Those of us who create tapestries in the widest sense of the term consider that we are making art. However we are often annoyed or even angered by the way our work is perceived, especially by those who should know better, the art critics. Here is a sample of what they have to say.

Tim Hilton, reviewing the exhibition Loose Threads at the Serpentine Gallery in the Times in 1998, says that the medium can’t work as art under any circumstances.

‘…thread is not a vital medium. You can’t do much with it. If you try to make sculpture, all your efforts will turn out something like a cushion. If you attempt an installation, it goes all wispy. And if you aim for two-dimensional art, the results, inevitably, will resemble painting. It is that thread cannot match the expressive potential of these other media.’  Exhibitions: As ye sew, ye can’t paint | The Independent

Another critic, Waldemar Januszczak, writing in the Sunday Times in 2017 about the exhibition Entangled thinks that the medium conjures domestic and amateur imagery, implying that it is not art. It actually suggests that his own imagination is limited and stuck in the past.

‘Textile art by women. If ever a territory had its work cut out setting the pulse racing, this is it. We live in a world where women are Nobel-winning scientists, engineers, prime ministers, jockeys, stand-up comedians, marines. Yet here is a show still enwalled by the memory of the little woman in the corner dutifully finishing her quilts and her embroidery.’ Art review: Knotty problem | Culture | The Sunday Times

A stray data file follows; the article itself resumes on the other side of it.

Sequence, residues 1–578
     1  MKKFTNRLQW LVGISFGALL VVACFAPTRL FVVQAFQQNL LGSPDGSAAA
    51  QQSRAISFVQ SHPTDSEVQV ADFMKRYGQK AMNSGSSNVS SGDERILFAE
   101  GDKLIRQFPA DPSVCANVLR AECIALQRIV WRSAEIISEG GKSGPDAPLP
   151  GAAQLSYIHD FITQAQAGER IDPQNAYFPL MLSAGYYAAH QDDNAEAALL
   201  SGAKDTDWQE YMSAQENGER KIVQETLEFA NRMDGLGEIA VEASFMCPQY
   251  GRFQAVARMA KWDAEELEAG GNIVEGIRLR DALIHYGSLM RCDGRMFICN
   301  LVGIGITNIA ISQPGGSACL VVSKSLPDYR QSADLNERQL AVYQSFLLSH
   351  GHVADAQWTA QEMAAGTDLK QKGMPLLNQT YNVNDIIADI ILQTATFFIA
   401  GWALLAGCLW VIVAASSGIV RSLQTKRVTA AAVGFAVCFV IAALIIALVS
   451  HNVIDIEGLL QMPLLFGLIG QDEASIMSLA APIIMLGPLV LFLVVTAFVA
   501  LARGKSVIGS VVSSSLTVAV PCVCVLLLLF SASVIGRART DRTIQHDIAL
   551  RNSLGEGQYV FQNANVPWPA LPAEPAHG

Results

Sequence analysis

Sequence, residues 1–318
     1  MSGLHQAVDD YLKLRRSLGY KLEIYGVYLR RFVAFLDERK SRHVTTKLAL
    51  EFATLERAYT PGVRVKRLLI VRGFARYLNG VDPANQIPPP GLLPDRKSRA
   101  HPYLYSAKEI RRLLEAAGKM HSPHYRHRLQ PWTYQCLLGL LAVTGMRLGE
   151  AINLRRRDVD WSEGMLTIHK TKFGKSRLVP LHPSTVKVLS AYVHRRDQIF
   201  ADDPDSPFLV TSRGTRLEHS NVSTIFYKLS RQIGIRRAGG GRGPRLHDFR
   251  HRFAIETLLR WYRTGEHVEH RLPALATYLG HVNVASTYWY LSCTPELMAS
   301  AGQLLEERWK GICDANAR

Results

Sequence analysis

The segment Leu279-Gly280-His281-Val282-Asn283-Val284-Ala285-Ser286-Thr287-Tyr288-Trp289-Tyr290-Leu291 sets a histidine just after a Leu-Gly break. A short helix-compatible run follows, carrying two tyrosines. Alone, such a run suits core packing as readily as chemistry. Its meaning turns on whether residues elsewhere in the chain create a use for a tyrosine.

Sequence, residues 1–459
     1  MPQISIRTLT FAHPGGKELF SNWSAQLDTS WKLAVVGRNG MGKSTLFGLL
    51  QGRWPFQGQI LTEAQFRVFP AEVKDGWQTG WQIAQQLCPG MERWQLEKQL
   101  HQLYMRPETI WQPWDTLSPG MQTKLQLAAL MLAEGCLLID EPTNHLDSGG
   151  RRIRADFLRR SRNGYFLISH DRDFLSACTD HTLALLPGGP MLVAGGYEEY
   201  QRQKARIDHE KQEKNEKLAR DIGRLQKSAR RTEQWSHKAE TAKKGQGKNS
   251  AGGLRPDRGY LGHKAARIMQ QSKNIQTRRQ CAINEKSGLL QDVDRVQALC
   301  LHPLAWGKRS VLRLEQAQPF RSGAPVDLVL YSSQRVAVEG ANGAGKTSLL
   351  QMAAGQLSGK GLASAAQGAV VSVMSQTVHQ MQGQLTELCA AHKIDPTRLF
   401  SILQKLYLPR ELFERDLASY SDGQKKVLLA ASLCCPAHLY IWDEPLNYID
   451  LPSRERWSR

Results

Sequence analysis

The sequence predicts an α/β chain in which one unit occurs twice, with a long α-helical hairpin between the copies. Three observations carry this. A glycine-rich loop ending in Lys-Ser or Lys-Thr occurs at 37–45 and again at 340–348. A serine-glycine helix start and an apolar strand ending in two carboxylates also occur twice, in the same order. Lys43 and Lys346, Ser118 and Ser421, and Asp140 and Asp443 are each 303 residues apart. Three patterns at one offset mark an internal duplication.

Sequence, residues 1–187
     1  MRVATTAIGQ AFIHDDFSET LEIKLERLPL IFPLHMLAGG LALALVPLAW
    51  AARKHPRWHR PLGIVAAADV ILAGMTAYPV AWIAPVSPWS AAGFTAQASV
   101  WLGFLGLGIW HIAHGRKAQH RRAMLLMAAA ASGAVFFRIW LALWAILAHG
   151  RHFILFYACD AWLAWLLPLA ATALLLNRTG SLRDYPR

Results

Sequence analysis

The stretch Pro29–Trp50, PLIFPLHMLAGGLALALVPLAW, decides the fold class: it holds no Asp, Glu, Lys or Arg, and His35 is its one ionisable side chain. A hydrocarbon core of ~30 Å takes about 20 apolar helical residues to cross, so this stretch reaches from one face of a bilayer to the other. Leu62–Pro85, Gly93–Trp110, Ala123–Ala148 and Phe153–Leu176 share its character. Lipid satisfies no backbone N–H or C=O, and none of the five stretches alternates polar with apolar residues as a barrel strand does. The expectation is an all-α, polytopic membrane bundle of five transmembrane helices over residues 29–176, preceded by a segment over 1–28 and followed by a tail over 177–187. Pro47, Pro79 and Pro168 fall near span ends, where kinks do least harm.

Most recently, Susan Mansfield reviewed the Cordis Prize show at Inverleith House in the Royal Botanic Gardens, Edinburgh, in the Scotsman newspaper this month. She seems to be against any innovation in tapestry or having ideas-based work. Should tapestry be free of ideas then?

‘Innovation within a traditional craft such as tapestry can be dangerous. One is reminded of the fate of the tapestry department at Edinburgh College of Art which innovated itself out of existence: shifting away from textiles to “the weaving of ideas,” it left weaving behind altogether and was renamed Intermedia.’ Art reviews: The Cordis Prize | Anne-Marie Copestake | Arpita Shah – The Scotsman

While other reviewers have found beauty and creativity in what we do, these outdated and frankly weird views are at least puzzling. How can we deal with people who have these types of prejudice?

However, some more scholarly writers such as Sarat Maharaj, writing in 1991, are more enlightened. He thinks of Arachne, the mythical woman who challenged the goddess Athena to a tapestry-weaving contest and won. (For her hubris, she was changed into a spider.) For him, Arachne challenges the male bastions of art history represented by Athena and her authority. He writes, ‘We may see Arachne’s space as a metaphor for avant-garde textiles practice – in which handed-down notions of art practice/genre/gender come to be cited and overturned, displaced and played out.’ So there is hope.